Manchester United have a match day income of over twice ours, they record £91-million, we record £41.2-million. When you consider we are £102-million behind Liverpool in revenue generated, they being only the 5th richest club, you should be able to see that it is impossible for us to match wages the top 5 richest clubs pay.
That gap was only going to grow unless we did something about it and increasing the size of the stadium was a must. Just take a look at the table below showing match day revenue as a percentage of overall income.
Manchester United 22%
Manchester City 12%
Tottenham Hotspur 21%
Our figures as a percentage don't look too bad, but their income is vastly greater thus their match day income is vastly greater.
This table shows the TV revenue income as a percentage of total revenue and we see a marked difference on this one, we rely more on TV money than they all do, especially Manchester United.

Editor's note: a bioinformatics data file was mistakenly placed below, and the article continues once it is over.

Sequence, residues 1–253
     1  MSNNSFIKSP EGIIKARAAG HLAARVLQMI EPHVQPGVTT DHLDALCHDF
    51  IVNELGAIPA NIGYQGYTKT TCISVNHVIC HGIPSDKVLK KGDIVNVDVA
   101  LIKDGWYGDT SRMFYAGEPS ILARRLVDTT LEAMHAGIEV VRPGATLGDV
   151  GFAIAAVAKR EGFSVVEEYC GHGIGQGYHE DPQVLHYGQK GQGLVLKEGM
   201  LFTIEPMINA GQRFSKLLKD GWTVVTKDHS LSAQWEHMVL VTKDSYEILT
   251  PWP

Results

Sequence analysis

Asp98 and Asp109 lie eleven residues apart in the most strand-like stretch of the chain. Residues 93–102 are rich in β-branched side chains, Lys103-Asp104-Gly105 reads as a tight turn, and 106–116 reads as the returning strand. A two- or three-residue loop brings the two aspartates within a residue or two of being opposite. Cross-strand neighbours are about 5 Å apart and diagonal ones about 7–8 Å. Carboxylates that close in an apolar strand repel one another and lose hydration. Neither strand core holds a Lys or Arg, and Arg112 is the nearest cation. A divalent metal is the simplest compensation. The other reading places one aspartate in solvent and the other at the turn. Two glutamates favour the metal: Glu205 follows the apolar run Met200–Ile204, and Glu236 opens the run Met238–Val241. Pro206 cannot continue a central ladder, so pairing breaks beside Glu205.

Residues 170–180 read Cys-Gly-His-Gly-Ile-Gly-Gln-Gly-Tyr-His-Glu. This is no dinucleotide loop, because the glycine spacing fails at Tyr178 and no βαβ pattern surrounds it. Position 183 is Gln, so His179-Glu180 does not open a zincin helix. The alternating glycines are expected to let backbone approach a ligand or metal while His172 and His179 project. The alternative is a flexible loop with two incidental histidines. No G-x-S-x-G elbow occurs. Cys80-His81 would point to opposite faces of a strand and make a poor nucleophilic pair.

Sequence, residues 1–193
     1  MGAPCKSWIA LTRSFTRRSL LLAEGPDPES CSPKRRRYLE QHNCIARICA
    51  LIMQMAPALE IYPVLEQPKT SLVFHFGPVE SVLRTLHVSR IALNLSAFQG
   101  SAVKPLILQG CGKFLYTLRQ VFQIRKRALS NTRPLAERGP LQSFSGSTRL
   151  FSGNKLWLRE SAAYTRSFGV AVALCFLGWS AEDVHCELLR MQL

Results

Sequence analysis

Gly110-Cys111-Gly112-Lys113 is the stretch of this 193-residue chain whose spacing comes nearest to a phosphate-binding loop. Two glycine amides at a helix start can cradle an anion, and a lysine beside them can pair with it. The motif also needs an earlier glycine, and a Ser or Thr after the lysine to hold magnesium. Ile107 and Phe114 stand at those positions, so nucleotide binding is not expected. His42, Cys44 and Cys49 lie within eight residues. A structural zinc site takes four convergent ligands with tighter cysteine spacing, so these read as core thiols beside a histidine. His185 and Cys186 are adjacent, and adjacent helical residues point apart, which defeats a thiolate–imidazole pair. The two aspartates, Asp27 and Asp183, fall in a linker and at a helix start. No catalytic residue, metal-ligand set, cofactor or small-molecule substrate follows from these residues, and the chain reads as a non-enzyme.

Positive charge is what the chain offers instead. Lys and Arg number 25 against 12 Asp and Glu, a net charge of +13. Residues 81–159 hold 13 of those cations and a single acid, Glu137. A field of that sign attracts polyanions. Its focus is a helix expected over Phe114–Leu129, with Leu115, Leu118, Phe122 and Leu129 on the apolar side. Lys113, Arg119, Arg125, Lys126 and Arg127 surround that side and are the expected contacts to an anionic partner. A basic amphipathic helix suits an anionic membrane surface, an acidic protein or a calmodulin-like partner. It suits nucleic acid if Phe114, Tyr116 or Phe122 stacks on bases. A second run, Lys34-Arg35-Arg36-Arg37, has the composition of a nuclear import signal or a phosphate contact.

Manchester United 27%
Manchester City 38%
Tottenham Hotspur 49%
Now look at commercial income as a percentage of overall income in 2014/15.
Manchester United 51%
Manchester City 49%
Tottenham Hotspur 30%
We lag behind them all so increasing our commercial income is of paramount importance, which will happen with us being an attractive club at the moment. An innovative new stadium with specialist facilities for NFL and thus the brand being beamed across two continents gives an appal other don't have.
We promote ourselves as a challenger brand, a young, vibrant brand going up against and competing with the very best, a brand looking to break a monopoly. Again that makes us attractive to brands who want to be a part of that success, a part of that journey.
This video from uMAXit Football explains the situation at Tottenham very well and from an independent outside viewpoint.